You know your weight and height, but what about your BMI? Your body mass index is an important measurement that helps to paint the picture of your overall cardiovascular health. If you are serious about improving and protecting your heart, make sure you understand your BMI.
What Is BMI?
Your BMI is a measure of body fat based on your weight and height. It doesn’t measure fat directly from the body, but can be used as a screening tool to identify whether you are underweight, healthy, overweight, or obese. Research shows that individuals with high BMI values face increased cardiovascular health risks.
The BMI Spectrum
Men and women are evaluated using the same BMI ranges:
- Underweight: <18.5
- Healthy: 18.5-24.9
- Overweight: 25.0-29.9
- Obese: >30
You can use a BMI calculator or look at a BMI chart to find your body mass index. Keep in mind that muscle is denser than fat, so if you are athletic or very muscular, your BMI may be higher even though you don’t have too much body fat.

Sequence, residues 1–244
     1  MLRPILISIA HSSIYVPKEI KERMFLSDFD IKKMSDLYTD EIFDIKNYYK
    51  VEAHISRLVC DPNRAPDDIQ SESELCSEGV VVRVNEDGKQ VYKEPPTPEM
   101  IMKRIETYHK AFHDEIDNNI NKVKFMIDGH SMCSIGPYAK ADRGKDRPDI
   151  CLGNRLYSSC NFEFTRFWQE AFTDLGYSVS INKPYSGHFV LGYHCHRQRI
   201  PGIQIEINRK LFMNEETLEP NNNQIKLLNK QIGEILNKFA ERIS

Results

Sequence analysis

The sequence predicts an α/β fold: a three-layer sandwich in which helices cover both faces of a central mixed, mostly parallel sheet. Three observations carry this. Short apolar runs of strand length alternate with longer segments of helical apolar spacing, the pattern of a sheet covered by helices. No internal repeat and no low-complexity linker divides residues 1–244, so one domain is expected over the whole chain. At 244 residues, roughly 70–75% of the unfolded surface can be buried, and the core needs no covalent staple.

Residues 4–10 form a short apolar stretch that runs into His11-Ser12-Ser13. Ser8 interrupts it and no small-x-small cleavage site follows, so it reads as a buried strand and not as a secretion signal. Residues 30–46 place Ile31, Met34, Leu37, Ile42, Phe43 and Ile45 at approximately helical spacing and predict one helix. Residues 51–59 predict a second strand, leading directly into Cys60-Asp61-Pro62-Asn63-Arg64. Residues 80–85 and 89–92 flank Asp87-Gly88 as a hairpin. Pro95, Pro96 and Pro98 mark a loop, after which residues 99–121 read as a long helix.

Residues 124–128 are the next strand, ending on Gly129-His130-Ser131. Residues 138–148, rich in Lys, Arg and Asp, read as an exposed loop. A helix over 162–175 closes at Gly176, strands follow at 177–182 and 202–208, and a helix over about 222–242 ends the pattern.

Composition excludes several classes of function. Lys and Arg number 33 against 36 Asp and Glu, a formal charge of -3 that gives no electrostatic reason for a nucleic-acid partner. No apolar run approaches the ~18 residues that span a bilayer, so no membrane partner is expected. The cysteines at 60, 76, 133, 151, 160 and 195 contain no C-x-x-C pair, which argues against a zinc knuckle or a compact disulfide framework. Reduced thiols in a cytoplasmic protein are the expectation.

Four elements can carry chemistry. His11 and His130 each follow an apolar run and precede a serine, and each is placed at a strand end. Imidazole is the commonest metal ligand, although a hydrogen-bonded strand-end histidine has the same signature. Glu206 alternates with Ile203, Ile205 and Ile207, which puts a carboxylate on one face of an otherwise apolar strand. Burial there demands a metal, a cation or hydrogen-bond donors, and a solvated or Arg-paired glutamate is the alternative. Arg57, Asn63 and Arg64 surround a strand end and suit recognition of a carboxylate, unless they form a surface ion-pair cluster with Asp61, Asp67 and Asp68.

Risk Factors of High BMI
If you have a high BMI, it means you have too much fat on your body. Weight gain in adulthood increases the risk of many different diseases and conditions, so you should take your BMI seriously. The health problems associated with weight gain and high BMI include:
- Type 2 diabetes
- Heart disease
- High blood pressure
- Sleep apnea
- Joint and muscle pain
Improve Your BMI With Professional Help
Lowering your BMI is a powerful way to improve your overall health and prevent disease in the future. If you’re not sure how to tackle your BMI alone, call (941) 744-1200 to make an appointment at Manatee Cardiovascular Wellness Institute in Bradenton, Florida. The team at Manatee Cardio is committed to your comprehensive cardiovascular care and wellness.